In the midst of the bear market resulting from the COVID-19 pandemic, efforts to politicize financial markets have continued apace, with two-thirds of 400-plus shareholder resolutions filed in 2020 dealing with issues such as climate change, political spending and gender diversity on boards of directors. Now, activists appear to have persuaded many asset managers to support these proposals and push their agenda at public companies on their behalf.
Most notably are new commitments from BlackRock, which can leverage its tremendous assets to pressure companies to hew to its agenda. In fact, if BlackRock’s growth continues at a similar rate, independent research predicts BlackRock could control as much as 40% of the votes in the S&P 500 by the end of the next decade, which means even minor policy changes could have huge implications for public companies.
In January, Larry Fink, the CEO of BlackRock, noted that he was committed to pushing companies especially hard on climate change, but also lists board diversity as a key engagement priority.
While BlackRock defends these guidelines as not only being salutary for society but also in the long-term benefit of shareholders (although little evidence supports such claims), there are a number of reasons to question the claims and examine the multitude of pernicious incentives for the firm to be viewed as a leader pushing for environmental and social objectives.
First off, greater incorporation of environmental, social, and governance objectives is widely seen as a door for asset managers to charge higher fees or excuse poor financial performance. This is especially salient in an atmosphere where low-cost passive investment vehicles like index funds and ETFs have often successfully generated returns greater than actively managed portfolios.
BlackRock’s pursuit of certain government contracts around the world has also bolstered the firm’s need to appear more “aligned” with vocal activist groups. For instance in Europe, BlackRock has secured a key role in helping the EU integrate “sustainability” into banking regulations. The firm’s new pronouncements and actions on climate will further cement its contract with the European Union and allow the firm to burnish its green credentials amid criticism from activists who believe the firm was ill-suited to perform this work given its interest in fossil fuel companies.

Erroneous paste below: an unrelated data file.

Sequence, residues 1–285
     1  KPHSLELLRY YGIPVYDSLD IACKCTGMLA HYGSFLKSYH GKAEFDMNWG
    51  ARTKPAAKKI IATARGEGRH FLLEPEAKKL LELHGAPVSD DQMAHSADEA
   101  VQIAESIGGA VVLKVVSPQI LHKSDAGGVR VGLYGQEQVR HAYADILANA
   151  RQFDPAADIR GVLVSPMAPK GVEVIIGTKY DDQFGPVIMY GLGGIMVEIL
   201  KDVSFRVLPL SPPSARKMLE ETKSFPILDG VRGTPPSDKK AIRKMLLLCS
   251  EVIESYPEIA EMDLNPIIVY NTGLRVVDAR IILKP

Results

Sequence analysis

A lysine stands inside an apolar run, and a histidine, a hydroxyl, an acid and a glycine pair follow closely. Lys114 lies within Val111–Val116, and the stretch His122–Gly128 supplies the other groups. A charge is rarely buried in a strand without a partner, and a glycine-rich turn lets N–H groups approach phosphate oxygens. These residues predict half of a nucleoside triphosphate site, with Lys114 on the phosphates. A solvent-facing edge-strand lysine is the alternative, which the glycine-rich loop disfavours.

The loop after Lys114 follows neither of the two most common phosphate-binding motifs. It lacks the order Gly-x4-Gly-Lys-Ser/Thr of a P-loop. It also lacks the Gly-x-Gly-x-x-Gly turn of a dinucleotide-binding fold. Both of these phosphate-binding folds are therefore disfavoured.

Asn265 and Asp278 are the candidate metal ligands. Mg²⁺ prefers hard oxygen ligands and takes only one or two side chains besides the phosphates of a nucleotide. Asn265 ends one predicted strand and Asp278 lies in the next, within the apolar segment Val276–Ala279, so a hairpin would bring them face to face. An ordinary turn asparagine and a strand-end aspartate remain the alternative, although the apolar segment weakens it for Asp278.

The same business unit has also been given responsibility for managing the Federal Reserve’s bond-buying process, which also generated criticism by a number of activist groups including ESG Transparency Initiative, Greenpeace USA and Public Citizen, which voiced concern BlackRock has not been active enough on the climate. Ultimately, BlackRock’s involvement with the Fed will likely trigger congressional oversight from the House Committee on Financial Services, which passed legislation to mandate ESG disclosure. BlackRock’s recent commitments and voting record on climate could help Larry Fink answer any pointed questions posed by Committee Democrats about one of their pet policy priorities.
To make matters worse, Larry Fink is a leading candidate for Secretary of the Treasury under Joe Biden. Fink, who makes $25.5 million per year, would certainly rile progressives, who are concerned about rising income inequality. Perhaps, Fink will also use the firm’s new focus on sustainability as an example of his own progressive bona-fides and increase his odds of Senate confirmation by winning over votes of left-wing senators such as Elizabeth Warren and Bernie Sanders.
At the same time BlackRock is imposing an agenda on the companies in which it invests, the asset manager has endeavored to escape its own political strictures, calling into question the sincerity of their commitments. It recently petitioned the SEC to exclude a proposal from As You Sow asking for it to review the Business Roundtable’s Statement of the Purpose of a Corporation and detail how its governance and management systems should be altered as a result. Moreover, last year Saba Capital Management sued BlackRock for failing to allow its nominees to stand as directors, contradicting Fink’s demand that businesses engage more closely with their investors.
All and all, Blackrock’s efforts to simultaneously use its heft to force the companies it invests in to conform to its environmental, social and governance agenda while wiggling out of attempts by activists and the government to force it to be a better corporate citizen amount to a cognitive dissonance that is hard to comprehend. It also calls into question whether BlackRock’s decisions are being driven by a desire to drive returns for its clients, or is instead focused on maintaining and increasing its own profits and political capital.
Jared Whitley is a longtime D.C. politico, having worked in the U.S. Senate, the Bush White House, and the defense industry. He has an MBA from Hult International Business School in Dubai.
It’s the way of the world, I guess.
Ultimately it’s not Black Rock or the Fink who fail to pass the grade but those who, for self-serving reasons, continue as their clients.
People do things for two reason: the good reason and the real reason. In this instance the good reason is obvious and, with a little bit of thought, the real reason, too, is self-evident.
There’s no solace in anticipating the unforeseen consequences yet to come, mainly because these will likely take the form of the fifth phase in the Six Phases of a Project, i.e. the consumer. Peter Drucker recommended,that businesses define the business they’re in; in that context asset management and an environmental agenda are, perhaps, not the best bed-fellows for a long-term strategy.
But maybe I haven’t found a real reason for such a plan – yet.